Google winds down feature that put playable podcasts directly in search results
Google confirmed it’s putting an end to a feature that allowed users to access playable podcasts directly from the Google Search results in favor of offering podcast recommendations. Officially launched in 2019, the feature surfaced podcasts when they matched a user’s query, including in those cases where a user specifically included the word “podcast” in […] Google winds down feature that put playable podcasts directly in search results by Sarah Perez originally published on TechCrunch
Google confirmed it’s putting an end to a feature that allowed users to access playable podcasts directly from the Google Search results in favor of offering podcast recommendations. Officially launched in 2019, the feature surfaced podcasts when they matched a user’s query, including in those cases where a user specifically included the word “podcast” in their search terms. But a few weeks ago, some creators began noticing the podcast carousels had disappeared from Google Search results — and now the company is explaining why that’s the case.
The disappearance was first spotted by Podnews.net, which noted in January that searches for podcasts no longer returned any play buttons or links to Google Podcasts itself. When they tested the feature by searching for “history podcasts” they were only provided with a list of shows alongside links to podcast reviews, Apple Podcast pages, and other places to stream.
At the time, Google simply told the site the feature was working “as intended.”
But a new announcement in Google Podcasts Manager indicates the feature is officially being shut down as of February 13.
“Google Search will stop showing podcast carousels by February 13. As a result, clicks and impressions in How people find your show will drop to zero after that date,” the message states. Podcasters are also being instructed to download any historical data they want to keep in advance of this final closure.
Of course, as many podcasters already discovered, their metrics had already declined as the feature was being wound down.
To be fair, playable podcasts in search wasn’t a remarkably well-executed product as it didn’t offer a way to do much more than click to play an episode. On YouTube’s Podcasts vertical, by comparison, podcast creators can create an index to the various parts of an episode, allowing users to jump directly to the section they wanted to hear. Plus, users can watch a video of the podcast, if the creator chooses to film.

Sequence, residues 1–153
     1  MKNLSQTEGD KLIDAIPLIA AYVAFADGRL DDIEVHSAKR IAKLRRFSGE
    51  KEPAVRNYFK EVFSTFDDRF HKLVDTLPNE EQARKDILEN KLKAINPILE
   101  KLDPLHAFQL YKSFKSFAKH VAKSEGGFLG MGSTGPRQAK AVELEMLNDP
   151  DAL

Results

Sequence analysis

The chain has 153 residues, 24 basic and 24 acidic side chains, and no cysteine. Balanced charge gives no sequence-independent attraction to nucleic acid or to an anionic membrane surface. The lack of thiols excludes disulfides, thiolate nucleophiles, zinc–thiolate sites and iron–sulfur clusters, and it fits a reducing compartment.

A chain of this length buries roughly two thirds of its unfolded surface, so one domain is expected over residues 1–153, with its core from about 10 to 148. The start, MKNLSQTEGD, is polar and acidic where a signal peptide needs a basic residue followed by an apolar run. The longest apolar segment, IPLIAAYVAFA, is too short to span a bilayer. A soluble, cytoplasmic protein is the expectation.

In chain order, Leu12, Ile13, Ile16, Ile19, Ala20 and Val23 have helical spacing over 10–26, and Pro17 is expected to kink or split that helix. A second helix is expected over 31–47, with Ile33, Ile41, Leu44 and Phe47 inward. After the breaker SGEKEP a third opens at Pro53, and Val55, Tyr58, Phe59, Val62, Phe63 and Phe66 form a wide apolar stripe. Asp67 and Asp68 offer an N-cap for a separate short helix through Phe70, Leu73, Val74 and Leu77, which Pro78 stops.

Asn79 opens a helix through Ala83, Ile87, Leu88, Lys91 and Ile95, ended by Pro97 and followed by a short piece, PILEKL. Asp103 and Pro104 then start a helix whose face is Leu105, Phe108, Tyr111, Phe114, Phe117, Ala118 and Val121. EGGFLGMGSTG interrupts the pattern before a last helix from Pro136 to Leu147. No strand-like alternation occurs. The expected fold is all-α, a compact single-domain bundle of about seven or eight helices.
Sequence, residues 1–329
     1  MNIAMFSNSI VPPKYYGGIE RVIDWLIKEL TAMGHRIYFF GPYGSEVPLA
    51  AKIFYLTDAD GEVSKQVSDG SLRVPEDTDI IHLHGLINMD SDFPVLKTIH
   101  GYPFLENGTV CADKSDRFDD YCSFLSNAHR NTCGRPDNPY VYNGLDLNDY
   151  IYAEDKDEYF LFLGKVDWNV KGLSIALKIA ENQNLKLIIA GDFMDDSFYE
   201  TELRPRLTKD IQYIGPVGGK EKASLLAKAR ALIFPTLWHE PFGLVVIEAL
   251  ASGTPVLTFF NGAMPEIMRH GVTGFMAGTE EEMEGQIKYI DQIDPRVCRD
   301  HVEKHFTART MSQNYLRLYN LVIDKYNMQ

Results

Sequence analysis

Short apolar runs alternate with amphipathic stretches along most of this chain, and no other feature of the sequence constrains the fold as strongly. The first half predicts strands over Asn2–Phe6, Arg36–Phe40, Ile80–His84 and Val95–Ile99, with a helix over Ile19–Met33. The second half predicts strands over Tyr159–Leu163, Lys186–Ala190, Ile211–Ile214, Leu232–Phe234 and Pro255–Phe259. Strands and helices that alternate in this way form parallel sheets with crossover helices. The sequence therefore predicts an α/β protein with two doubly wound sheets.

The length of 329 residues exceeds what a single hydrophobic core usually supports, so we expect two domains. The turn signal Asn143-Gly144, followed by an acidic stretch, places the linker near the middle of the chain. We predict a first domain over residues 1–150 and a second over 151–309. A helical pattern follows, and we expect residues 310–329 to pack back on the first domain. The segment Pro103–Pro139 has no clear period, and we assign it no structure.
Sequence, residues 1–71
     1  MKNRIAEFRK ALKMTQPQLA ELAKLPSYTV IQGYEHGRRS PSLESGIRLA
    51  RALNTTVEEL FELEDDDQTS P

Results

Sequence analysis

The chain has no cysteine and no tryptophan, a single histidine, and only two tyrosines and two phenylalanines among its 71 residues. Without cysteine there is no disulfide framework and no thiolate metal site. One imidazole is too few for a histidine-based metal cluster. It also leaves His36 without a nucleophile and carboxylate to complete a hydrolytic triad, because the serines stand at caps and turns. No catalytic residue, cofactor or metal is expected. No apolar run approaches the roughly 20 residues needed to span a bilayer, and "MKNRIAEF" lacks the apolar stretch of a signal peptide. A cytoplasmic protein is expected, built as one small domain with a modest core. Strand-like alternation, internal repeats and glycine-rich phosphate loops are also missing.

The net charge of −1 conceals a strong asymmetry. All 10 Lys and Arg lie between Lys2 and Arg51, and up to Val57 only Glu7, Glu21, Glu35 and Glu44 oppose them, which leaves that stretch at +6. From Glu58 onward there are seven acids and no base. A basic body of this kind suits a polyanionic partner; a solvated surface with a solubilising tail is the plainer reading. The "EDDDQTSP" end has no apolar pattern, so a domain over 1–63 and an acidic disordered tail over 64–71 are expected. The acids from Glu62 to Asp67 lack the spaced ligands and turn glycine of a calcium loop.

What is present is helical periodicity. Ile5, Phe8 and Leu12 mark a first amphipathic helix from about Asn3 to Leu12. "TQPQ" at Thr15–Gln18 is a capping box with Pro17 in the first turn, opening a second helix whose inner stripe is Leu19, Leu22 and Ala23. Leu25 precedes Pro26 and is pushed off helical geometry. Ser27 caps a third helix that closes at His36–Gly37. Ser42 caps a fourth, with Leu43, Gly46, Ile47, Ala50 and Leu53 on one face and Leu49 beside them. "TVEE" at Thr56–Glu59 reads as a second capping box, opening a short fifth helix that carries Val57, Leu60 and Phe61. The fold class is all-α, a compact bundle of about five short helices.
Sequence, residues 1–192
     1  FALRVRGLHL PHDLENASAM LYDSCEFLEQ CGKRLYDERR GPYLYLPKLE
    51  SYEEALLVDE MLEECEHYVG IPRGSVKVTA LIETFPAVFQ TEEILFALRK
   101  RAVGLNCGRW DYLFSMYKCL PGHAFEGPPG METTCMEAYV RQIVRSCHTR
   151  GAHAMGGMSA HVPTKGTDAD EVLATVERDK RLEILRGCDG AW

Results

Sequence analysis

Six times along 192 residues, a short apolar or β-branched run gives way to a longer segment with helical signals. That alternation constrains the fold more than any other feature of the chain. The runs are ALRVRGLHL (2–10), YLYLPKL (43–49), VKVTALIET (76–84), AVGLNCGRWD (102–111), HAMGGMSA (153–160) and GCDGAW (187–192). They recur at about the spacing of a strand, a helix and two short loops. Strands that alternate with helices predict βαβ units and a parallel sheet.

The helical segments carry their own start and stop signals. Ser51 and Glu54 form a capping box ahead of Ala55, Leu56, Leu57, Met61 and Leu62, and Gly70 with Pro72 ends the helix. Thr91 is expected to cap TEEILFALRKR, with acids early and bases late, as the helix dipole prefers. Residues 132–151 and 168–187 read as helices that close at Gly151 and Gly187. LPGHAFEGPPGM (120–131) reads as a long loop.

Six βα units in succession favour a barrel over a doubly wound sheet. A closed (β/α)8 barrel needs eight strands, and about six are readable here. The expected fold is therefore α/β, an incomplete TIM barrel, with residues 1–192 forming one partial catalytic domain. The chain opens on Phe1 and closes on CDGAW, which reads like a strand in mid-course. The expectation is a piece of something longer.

YouTube has also proven to be more popular than Google Podcasts and other competitors. In a 2022 market survey of podcast listeners, for example, YouTube came out ahead of Spotify, Apple Podcasts, and Google Podcasts as users’ preferred podcast platform. Though many podcast market analysis reports don’t consider YouTube when comparing the popularity of various podcast apps, one recent report by Buzzsprout at least suggests that using web browser as a listening app had a very small market share of just 3.5%. And that share had barely increased over the years, despite Google’s indexing of shows.
Reached for comment, Google explained its decision to wind down playable podcasts in Search will allow it to focus on a new addition instead.
“Our existing podcast features will gradually be replaced with a new, single feature, What to Podcast,” a spokesperson told us. They noted the feature is currently live on mobile for English users in the U.S. “This feature provides detailed information about podcasts, links to listen to shows on different platforms, and links to podcasters’ own websites, where available,” the spokesperson added.
According to the help documentation, these recommendations will be personalized to the user if they’re signed into their Google account and will factor in things like the user’s past searches and browsing history, saved podcasts and other podcast preferences. The personalized results can be turned off, however, if the user wants more generic suggestions, Google says.
Google winds down feature that put playable podcasts directly in search results by Sarah Perez originally published on TechCrunch